Which of the following statements is correct regarding the traffic types that can be matched in a class map on a Cisco ASA? (Select the best answer.)
- A class map can match traffic by TCP port number but not by UDP port number.
- A class map can match traffic by UDP port number but not by IP precedence.
- A class map can match traffic by TCP port number but not by IP precedence.
- A class map can match traffic by UDP port number but not by TCP port number.
- A class map can match traffic by TCP port number, by UDP port number, and by IP precedence.
A class map can match traffic by Transmission Control Protocol (TCP) port number, by User Datagram Protocol (UDP) port number, and by IP precedence on a Cisco Adaptive Security Appliance (ASA). A class map is one of the three basic components of Modular Policy Framework (MPF)? policy maps and service policies are the other two components. MPF is a Cisco ASA feature that provides a flexible method of enabling security policies on an interface. A class map identifies a specific flow of traffic, a policy map determines the action that will be performed on the traffic, and a service policy ties this action to a specific interface. Generally, each class map can contain only a single match statement, and a packet can match only a single class map within the policy map of a particular feature type. For example, if a packet matched a class map for File Transfer Protocol (FTP) inspection and a class map for traffic policing, the ASA would apply both policy map actions to the packet. However, if a packet matched a class map for FTP inspection and a second, different class map that included FTP inspection, the ASA would apply only the actions of the first matching policy map.
You can use the match command from class map configuration mode to identify traffic based on specified characteristics. The keywords you can use to identify traffic in a class map are closely tied to their respective characteristics. The match command supports the following key words: accesslist, port, defaultinspectiontraffic, dscp, precedence, rtp, tunnelgroup, and any.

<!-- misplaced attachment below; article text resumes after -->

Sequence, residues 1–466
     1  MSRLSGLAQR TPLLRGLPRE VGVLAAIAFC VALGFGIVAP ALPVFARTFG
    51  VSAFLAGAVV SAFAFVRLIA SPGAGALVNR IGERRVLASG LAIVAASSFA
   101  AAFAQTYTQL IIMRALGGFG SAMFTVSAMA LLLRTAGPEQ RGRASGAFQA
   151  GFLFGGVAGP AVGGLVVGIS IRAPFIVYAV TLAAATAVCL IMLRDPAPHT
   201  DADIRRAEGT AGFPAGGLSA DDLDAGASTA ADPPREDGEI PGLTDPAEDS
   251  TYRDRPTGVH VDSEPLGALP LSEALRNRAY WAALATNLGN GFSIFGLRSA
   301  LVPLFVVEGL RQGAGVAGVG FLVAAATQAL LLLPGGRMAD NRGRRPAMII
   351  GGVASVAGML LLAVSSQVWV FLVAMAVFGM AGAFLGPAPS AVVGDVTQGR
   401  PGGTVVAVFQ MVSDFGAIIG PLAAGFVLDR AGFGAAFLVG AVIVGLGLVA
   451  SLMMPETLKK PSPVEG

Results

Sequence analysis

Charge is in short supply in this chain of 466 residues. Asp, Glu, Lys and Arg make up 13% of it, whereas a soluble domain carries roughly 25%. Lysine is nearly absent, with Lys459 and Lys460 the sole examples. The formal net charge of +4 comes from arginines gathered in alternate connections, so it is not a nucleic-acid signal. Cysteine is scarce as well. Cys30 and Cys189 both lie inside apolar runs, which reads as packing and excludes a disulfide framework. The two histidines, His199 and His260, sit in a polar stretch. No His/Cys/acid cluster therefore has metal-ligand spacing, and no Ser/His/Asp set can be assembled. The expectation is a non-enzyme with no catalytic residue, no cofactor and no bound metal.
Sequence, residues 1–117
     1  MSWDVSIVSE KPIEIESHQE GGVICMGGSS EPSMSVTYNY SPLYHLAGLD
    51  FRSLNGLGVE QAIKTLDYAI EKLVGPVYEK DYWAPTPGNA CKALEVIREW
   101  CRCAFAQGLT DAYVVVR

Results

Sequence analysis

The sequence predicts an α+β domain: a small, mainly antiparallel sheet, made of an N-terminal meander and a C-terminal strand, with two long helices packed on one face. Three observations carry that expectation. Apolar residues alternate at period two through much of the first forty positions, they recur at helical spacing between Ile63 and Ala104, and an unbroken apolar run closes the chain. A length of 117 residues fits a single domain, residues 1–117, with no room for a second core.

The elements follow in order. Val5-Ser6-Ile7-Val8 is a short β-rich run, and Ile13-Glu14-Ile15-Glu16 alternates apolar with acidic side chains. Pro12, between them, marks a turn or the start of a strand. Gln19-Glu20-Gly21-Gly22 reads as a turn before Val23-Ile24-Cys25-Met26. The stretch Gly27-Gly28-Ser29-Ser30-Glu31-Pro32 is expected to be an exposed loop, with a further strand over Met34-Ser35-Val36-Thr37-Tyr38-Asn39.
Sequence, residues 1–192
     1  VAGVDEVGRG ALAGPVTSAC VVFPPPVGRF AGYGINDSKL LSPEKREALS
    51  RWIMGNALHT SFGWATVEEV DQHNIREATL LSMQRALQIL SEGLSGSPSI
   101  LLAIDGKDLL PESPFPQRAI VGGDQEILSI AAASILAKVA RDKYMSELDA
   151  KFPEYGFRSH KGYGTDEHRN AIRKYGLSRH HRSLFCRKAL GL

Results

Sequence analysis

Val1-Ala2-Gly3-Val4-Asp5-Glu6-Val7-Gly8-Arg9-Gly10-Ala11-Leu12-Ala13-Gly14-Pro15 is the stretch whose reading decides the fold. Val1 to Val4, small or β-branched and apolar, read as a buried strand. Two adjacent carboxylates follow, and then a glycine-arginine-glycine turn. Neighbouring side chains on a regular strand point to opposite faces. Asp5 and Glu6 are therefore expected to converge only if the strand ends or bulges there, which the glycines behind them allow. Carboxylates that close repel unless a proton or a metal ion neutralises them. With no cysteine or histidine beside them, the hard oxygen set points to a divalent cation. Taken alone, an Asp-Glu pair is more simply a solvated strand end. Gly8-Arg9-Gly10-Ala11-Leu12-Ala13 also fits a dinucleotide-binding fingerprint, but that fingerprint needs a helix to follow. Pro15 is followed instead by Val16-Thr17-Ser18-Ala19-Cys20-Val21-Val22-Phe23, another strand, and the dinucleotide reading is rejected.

For example, you could issue the following commands to create a class map named CLASSMAP that identifies traffic using TCP port 25:
asa(config)#classmap CLASSMAP asa(configcmap)#match port tcp eq 25
Once traffic has been identified by a class map, the associated policy map can take action on that traffic. A policy map typically contains references to one or more class maps and defines actions that should be performed on traffic matched by the specified class maps. If traffic matches multiple class maps for different actions within a policy map-for instance, if traffic matches a class map for application inspection as well as a class map for priority queuing-the actions of both class maps will be applied to the traffic. To continue the example from above, you could issue the following commands to configure a policy map named POLICYMAP that matches traffic specified by the class map named CLASSMAP and then processes the traffic with the Hypertext Transfer Protocol (HTTP) inspection engine:
asa(config)#policymap POLICYMAP asa(configpmap)#class CLASSMAP asa(configpmapc)#inspect http
A policy map does not act on traffic until the map has been applied to an interface by a service policy. A service policy can be applied globally to all interfaces, which will apply application inspection to only traffic entering the appliance? alternatively, a service policy can be applied to a single interface, which will apply application inspection to traffic entering and exiting the interface. An interface service policy overrides a global service policy: if traffic matches both an interface policy and a global policy, only the interface policy will be applied to that particular traffic flow. To complete the example, you could issue the following commands to apply the POLICYMAP policy map to the inside interface:
asa(config)#servicepolicy POLICYMAP interface inside